Three years after the Zika virus (ZIKV) epidemic swept through Grenada and the region, St. George’s University faculty members have secured a two-year grant from the US-based Eunice Kennedy Shriver National Institute of Child Health and Human Development (NICHD) to examine the effectiveness of a community intervention program aimed at improving neurodevelopment in Grenadian children exposed to the virus.
The new NIH-funded study will be administered by the non-profit Windward Islands Research and Education Foundation (WINDREF), which is based on the SGU campus in Grenada. Dr. Randall Waechter joins three other SGU faculty members—Drs. Barbara Landon, Karen Blackmon, and Trevor Noël—on a research team that also includes Dr. Michelle Fernandes, NIHR Academic Clinical Fellow in Paediatrics, Southampton University, and Honorary Research Fellow at Oxford University.
“This work could have a significant impact on the way we address neuropsychological impairment in children exposed to the Zika virus,” Dr. Waechter said. “If effective, there is no reason this intervention couldn’t be implemented in other countries impacted by the Zika virus.”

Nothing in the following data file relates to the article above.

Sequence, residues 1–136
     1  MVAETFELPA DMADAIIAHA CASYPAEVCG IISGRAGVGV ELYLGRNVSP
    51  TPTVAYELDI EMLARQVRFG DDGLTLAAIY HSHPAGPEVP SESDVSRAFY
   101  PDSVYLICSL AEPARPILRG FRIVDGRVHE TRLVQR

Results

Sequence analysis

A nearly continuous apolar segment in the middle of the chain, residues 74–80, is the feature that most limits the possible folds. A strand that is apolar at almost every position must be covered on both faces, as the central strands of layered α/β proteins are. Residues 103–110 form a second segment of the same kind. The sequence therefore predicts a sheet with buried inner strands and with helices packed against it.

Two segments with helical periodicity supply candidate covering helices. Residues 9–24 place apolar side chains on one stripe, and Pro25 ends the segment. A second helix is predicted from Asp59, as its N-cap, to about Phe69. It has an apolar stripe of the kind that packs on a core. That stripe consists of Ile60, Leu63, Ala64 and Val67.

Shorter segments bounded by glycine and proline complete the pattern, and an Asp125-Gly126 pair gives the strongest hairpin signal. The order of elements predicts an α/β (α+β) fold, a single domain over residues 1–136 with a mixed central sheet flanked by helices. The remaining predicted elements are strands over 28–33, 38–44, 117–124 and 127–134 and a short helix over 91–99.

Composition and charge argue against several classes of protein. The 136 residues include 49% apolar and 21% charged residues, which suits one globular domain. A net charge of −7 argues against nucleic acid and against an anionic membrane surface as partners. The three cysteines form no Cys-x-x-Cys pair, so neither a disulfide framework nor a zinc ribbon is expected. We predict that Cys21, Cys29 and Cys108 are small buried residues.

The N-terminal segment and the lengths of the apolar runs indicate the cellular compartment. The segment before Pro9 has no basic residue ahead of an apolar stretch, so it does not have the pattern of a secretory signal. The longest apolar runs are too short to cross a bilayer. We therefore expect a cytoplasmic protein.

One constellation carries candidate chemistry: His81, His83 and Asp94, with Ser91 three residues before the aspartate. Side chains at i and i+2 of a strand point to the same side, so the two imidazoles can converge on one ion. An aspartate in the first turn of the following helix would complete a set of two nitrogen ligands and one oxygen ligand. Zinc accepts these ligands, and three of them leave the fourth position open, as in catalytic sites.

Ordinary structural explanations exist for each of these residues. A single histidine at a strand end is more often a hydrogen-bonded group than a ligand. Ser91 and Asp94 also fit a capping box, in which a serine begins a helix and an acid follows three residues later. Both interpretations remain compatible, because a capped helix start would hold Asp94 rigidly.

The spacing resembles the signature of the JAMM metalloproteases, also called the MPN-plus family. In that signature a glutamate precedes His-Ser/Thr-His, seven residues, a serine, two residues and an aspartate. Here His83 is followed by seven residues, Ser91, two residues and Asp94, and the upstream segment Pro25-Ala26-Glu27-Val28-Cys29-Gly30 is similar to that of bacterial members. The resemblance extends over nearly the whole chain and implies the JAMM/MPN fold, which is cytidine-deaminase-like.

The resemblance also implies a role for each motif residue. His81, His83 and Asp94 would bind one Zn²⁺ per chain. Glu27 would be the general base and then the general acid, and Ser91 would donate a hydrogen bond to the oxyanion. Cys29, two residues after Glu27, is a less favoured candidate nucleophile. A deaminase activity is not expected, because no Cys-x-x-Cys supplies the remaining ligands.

One of the most significant consequences of the ZIKV epidemic is the increased risk of adverse neurological developments in the children of ZIKV-infected mothers. These children, who are now 2 and 3 years old, are at high risk for chronic epilepsy as well as intellectual and learning disabilities. This study will provide valuable data on whether a culturally adapted and evidence-based project called Environmental Enrichment can rescue neurodevelopmental outcomes in toddlers who were exposed to ZIKV.
The research also presents a novel approach to assisting these children that may be applicable worldwide. It augments the ongoing Saving Brains Grenada program in Grenada, work that was funded by Grand Challenges Canada. The program has enabled community workers to interact with caregivers and their children, helping parents implement enjoyable Conscious Discipline-based ‘brain smart’ methods that foster neurodevelopment in young children. These methods focus on elements of child-raising such safety, attachment, and self regulation, in addition to early childhood stimulation. The Saving Brains Grenada team has been supported by Jhpiego, an international non-profit health organization affiliated with Johns Hopkins University.
Dr. Landon called the new NIH study a “natural fit” for the Saving Brains Grenada initiative.
“Our primary goal is to maximize brain development in children,” she said, “giving them the best chance for success across their entire lives.”